As Google adds verticals, it’s ironic that they are in a position in the browser similar to how I think of Microsoft historically on the desktop (link and leverage): they don’t need to win by being the best, they win by being the default. Google Product Search doesn’t have to provide a better user experience than say Shopping.com; it will get used because it gets placed prominently on the Google SERP.

At the upcoming SES you are speaking about meaningful SEO metrics. What are some of the least valuable metrics people still track heavily?

The one that jumps to mind is pages indexed. Depending on which GG servers you are hitting, that number is going to fluctuate, and I see people stress over those fluctuations when there is often no actual change. Also, getting indexed is virtually worthless; it’s getting ranked that’s valuable. It’s easy to get your “iPod” page indexed, getting a top10 ranking is another story. What’s the point of having 300,000 pages indexed if all your traffic is coming from 30 that have decent rankings? If you have pages that are indexed, but not ranking; either do some SEO for those pages (internal links, extra content, etc.) or NoIndex them and take them out of your sitemaps so other pages on your site get a chance.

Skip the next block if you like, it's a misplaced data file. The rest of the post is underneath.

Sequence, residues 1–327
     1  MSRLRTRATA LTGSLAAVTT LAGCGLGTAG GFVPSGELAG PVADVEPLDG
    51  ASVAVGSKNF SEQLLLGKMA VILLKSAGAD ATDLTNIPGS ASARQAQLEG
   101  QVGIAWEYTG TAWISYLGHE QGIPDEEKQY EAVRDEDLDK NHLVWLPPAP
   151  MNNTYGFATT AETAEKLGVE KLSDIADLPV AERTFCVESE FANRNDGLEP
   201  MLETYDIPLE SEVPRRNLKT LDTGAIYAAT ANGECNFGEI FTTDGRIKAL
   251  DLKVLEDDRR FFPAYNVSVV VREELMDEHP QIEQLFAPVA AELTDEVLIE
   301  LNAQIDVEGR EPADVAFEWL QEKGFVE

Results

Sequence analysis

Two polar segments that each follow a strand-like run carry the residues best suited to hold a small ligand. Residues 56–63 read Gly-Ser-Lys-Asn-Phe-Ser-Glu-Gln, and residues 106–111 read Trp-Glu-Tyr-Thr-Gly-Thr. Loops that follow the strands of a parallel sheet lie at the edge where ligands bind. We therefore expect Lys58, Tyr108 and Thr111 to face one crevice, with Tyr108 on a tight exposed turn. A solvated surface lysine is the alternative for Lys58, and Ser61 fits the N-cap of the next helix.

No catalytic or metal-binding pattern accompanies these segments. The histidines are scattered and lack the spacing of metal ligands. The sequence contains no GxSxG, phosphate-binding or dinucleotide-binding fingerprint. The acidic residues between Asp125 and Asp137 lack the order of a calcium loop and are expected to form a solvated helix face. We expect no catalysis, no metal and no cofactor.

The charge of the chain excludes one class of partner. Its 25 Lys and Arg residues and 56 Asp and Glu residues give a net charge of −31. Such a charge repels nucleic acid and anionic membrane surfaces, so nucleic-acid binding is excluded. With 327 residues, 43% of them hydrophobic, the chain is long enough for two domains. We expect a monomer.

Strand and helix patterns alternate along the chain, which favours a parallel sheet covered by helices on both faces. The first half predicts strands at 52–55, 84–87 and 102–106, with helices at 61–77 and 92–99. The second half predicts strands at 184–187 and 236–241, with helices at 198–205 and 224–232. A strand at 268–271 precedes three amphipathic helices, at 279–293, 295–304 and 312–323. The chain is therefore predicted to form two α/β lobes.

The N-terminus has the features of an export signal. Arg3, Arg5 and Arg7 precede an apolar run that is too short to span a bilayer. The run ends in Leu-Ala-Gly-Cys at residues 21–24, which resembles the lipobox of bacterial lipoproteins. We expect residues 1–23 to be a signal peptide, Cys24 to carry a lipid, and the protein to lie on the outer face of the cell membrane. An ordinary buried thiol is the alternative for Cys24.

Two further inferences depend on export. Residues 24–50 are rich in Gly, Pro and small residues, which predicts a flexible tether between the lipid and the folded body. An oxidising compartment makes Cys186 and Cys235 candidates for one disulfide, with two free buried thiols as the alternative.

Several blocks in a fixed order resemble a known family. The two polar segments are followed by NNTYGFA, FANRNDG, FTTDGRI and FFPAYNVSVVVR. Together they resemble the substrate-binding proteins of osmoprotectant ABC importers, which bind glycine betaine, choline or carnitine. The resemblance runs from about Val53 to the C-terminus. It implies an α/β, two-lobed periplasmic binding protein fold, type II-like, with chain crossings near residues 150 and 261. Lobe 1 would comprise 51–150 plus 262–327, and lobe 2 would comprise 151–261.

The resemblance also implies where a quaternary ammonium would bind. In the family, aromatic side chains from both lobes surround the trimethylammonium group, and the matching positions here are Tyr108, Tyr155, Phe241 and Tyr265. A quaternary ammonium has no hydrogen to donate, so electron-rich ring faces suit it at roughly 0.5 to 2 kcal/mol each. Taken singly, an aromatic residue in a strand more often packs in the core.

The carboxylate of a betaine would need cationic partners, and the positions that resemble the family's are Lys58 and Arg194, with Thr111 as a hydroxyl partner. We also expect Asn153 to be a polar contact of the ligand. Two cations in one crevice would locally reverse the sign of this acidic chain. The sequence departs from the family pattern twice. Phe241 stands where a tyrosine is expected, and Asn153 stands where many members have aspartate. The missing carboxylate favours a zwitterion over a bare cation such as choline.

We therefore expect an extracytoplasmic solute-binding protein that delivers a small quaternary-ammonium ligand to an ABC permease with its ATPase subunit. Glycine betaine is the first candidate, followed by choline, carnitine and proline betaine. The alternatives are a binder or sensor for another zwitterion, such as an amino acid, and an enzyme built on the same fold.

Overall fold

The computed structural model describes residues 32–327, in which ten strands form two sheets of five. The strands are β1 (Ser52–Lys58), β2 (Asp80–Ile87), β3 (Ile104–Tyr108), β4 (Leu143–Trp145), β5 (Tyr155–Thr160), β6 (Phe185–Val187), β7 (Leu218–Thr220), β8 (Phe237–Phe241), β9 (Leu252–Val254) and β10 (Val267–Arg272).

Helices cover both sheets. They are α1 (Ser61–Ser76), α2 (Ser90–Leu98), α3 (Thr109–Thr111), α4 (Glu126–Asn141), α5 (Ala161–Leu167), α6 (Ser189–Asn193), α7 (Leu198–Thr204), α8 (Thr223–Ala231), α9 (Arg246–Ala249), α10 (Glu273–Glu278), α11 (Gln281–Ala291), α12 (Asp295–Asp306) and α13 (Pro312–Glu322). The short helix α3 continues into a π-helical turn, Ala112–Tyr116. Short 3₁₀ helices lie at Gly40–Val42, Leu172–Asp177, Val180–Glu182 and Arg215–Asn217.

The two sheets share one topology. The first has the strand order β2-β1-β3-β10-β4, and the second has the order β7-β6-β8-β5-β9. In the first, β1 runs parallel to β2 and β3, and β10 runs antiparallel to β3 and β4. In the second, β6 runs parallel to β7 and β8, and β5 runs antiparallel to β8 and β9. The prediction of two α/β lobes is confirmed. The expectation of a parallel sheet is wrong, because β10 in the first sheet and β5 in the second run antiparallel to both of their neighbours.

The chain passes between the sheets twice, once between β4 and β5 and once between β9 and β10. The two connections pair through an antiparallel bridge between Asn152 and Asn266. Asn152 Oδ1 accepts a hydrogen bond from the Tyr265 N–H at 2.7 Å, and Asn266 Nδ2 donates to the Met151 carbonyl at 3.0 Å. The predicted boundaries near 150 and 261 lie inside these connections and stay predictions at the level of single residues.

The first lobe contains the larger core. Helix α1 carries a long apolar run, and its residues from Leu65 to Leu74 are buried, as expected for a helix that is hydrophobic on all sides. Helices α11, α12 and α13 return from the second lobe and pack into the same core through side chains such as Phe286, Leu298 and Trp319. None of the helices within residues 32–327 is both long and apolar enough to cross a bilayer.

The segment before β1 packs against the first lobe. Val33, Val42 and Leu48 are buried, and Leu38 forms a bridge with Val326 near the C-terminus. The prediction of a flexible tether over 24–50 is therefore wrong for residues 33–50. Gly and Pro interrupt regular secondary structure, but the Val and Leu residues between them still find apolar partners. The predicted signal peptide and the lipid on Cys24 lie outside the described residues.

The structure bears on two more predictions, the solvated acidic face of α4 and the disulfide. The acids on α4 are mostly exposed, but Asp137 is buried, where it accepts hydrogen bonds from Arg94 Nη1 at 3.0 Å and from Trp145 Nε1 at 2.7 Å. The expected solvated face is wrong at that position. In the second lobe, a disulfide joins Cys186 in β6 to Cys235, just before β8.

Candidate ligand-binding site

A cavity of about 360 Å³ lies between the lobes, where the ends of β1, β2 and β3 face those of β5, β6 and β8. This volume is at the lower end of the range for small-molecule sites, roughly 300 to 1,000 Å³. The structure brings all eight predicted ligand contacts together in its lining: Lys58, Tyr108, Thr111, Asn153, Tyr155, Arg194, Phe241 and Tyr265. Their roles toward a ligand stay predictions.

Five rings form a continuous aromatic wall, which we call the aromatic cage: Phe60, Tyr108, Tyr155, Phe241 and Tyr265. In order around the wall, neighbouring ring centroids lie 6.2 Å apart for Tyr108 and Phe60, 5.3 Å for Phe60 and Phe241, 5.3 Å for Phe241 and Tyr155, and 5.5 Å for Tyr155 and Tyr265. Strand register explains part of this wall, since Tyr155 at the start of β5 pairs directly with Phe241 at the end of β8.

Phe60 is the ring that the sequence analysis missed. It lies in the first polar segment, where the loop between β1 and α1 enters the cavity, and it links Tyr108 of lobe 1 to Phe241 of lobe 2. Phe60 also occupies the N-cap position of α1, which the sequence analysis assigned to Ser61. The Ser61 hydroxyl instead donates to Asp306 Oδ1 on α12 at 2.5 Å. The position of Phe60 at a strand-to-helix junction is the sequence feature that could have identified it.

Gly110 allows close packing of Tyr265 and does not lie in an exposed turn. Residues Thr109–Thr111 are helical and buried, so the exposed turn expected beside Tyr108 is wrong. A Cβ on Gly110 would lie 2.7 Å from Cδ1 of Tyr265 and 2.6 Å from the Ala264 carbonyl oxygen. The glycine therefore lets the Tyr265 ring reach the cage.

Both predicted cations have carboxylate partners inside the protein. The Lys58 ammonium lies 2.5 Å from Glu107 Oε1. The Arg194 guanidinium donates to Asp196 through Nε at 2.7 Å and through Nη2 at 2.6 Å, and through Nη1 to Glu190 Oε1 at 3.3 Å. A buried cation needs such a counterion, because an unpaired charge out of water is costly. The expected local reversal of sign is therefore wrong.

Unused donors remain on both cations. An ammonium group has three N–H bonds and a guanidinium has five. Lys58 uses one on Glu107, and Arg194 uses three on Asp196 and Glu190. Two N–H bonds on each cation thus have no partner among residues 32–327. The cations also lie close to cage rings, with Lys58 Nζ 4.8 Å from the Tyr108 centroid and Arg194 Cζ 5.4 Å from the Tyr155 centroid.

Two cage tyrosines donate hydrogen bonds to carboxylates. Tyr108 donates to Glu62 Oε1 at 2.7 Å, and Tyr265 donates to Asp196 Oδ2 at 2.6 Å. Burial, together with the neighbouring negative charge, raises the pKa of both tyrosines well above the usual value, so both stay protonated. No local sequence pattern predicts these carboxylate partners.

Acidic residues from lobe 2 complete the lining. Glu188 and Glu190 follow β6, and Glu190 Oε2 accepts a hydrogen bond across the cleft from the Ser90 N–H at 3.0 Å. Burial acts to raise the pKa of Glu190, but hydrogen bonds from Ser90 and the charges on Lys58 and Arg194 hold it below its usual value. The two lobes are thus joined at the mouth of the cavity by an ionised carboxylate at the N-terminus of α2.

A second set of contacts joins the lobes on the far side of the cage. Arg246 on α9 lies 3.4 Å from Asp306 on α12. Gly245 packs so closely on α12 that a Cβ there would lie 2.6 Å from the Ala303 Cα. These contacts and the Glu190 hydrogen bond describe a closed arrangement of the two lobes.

Another is pageload time. Google has mentioned this as a ranking factor, but we really have not seen an impact. We focus on reducing latency, and loading search relevant content first (vs. headers or banner media), but that’s because it reduces abandonment rate not that it helps SEO.

What are some of the most valuable metrics which are not generally appreciated enough in the market?

The big one is revenue. Everything else is a means to this end; never lose sight of that.

The other is crawl rate (esp. from Google). This is a great leading indicator.

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Thanks Jon! To hear more of Jon's insights on search check out his panel at San Francisco's SES conference next week.

An Interview with Johns Wu

Internet success stories rarely get any sexier than the story of Johns Wu. 

In 2006, while still an undergraduate research student in neuroscience, Johns started a Wordpress blog he named Bankaholic.com. A one-man-show, Johns used an SEO/SEM-focused approach to build traffic and revenue. Just over 3 years later, he sold Bankaholic to BankRate for a reported $14.9 Million.

He was 22 years old.

Recently, we caught-up with Johns. This proved to be a bit of a challenge, as he is currently enjoying the ability to travel all over the world. He graciously stopped just long enough to answer some questions about his success and what it takes to create a multi-million dollar website these days.

So what leads a guy like you from studying neuroscience into SEO?